Amazon's hitting the high street
By Rebecca Burn-Callander Wednesday, 08 February 2012
Book shops, department stores, hell, retailers one and all, beware. Amazon is launching its first 'real world' store in Seattle - and it could soon be arriving in a city near you.
Think of a product. Any product. Chances are, Amazon sells it. To prove the point, MT searched for ‘dragon slippers’ and lo and behold. This is why the news that the e-tail giant is going offline (MT doffs its cap to trade blog Good E-Reader for the tip-off) will strike fear into the hearts of many.
The ‘test’ store in Seattle, the home of Microsoft, Boeing, Starbucks – and grunge – will focus mainly on selling Kindle readers. The details of the opening are still only emerging, but Amazon seems to be following the Apple ‘Genius Bar’ model, creating a customer service hub where Kindle owners can come and get hands-on support and advice.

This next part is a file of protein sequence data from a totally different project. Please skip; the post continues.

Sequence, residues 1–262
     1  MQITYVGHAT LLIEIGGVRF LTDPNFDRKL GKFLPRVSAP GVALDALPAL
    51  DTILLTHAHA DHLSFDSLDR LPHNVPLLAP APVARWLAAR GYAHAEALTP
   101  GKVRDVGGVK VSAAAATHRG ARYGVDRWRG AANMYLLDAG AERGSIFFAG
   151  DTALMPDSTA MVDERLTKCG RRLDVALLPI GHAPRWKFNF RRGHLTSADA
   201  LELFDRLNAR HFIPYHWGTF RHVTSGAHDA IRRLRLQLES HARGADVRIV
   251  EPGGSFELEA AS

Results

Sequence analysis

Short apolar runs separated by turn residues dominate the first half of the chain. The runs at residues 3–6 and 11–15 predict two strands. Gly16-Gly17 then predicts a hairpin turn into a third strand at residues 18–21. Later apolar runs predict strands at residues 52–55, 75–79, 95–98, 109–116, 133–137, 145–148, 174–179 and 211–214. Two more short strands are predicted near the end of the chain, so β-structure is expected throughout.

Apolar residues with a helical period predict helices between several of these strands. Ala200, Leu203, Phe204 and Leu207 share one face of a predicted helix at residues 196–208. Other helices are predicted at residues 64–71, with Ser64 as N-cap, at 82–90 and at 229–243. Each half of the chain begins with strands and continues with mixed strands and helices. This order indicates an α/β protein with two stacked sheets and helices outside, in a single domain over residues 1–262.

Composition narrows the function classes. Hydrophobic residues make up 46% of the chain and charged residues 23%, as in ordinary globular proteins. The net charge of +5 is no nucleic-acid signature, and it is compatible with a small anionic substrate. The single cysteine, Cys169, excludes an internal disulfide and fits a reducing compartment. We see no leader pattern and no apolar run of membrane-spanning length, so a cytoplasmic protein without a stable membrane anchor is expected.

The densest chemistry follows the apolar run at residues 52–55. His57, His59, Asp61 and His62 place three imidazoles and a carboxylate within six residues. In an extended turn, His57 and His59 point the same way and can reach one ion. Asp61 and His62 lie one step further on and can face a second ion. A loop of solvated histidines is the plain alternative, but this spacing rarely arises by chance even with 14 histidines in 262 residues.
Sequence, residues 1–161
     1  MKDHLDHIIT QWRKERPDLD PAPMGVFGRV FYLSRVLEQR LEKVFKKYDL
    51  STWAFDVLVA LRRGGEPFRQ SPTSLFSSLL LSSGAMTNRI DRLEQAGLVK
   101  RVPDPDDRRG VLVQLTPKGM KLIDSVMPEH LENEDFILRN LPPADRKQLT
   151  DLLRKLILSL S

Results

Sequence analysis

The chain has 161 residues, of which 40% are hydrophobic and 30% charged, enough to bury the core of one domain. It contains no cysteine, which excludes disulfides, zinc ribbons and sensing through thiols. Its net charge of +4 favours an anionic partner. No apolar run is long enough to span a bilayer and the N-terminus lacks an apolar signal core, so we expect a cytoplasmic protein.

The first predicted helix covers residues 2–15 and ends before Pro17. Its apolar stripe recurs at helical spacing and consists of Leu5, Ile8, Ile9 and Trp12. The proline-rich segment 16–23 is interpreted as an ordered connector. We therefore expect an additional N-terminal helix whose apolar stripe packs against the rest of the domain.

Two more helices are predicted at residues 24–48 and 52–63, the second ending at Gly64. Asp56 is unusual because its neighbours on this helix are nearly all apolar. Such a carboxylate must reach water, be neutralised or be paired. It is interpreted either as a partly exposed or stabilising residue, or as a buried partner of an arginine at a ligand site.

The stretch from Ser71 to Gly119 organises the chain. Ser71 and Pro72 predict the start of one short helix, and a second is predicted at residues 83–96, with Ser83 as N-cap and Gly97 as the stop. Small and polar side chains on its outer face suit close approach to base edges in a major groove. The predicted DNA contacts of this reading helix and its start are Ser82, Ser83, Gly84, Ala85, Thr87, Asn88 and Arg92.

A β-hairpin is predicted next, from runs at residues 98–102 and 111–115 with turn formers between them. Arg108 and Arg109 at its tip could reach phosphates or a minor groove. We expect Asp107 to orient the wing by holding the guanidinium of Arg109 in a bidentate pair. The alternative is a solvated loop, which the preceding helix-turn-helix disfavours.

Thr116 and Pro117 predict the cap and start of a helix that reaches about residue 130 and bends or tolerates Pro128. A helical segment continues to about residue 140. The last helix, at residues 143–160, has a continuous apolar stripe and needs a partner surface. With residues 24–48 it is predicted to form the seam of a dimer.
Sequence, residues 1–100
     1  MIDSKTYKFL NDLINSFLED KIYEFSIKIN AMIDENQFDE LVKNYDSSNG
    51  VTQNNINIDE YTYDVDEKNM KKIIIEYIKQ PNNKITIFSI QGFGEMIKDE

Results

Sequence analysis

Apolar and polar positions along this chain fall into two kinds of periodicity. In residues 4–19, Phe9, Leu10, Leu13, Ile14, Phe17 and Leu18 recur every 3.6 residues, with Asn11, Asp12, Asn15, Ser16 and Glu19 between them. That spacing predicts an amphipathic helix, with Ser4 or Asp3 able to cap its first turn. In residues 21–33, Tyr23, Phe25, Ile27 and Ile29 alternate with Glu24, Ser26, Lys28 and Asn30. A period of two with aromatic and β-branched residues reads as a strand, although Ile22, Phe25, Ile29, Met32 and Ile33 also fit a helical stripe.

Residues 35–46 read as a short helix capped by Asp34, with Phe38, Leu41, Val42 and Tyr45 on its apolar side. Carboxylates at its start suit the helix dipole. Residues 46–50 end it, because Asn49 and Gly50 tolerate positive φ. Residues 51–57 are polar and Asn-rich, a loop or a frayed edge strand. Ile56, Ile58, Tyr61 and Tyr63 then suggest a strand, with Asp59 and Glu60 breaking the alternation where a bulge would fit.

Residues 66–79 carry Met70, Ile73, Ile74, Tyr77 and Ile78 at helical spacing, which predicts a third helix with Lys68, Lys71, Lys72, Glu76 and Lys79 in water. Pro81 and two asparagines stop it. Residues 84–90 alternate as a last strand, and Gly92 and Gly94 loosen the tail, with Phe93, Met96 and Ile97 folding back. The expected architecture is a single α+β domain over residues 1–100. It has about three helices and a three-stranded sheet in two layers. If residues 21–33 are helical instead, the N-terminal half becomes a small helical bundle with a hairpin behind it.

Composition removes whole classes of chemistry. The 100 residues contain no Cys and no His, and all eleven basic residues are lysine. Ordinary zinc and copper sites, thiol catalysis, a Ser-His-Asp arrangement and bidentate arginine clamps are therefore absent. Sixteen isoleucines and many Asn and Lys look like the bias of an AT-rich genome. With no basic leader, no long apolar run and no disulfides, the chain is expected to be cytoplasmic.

Why go offline? Why not? Amazon has nothing to lose by dipping its digital toe in high street waters (rather like eBay did over Christmas). The Kindle has failed to create quite the buzz anticipated by CEO Jeff Bezos (he was no doubt expecting a frenzy of iPhone 4-esque proportions). In fact, the firm has been reduced to selling the widgets at a loss with an eye to recouping the losses later with e-book sales. But what if a physical presence can help the Kindle thrive? What if that’s the key to unlocking the Kindle’s potential? That’s what this little store will set out to investigate.
Of course, one store does not an imperial experiment make. MT bets its dog-eared copy of ‘The Art of War’ that Amazon will dot a few of these stores around the US, possibly even beyond. But why stop with pushing Kindle readers? If Amazon fancies opening a megastore up Tedders way, we’ll be down to pick up those dragon slippers before you can say ‘vertical markets’...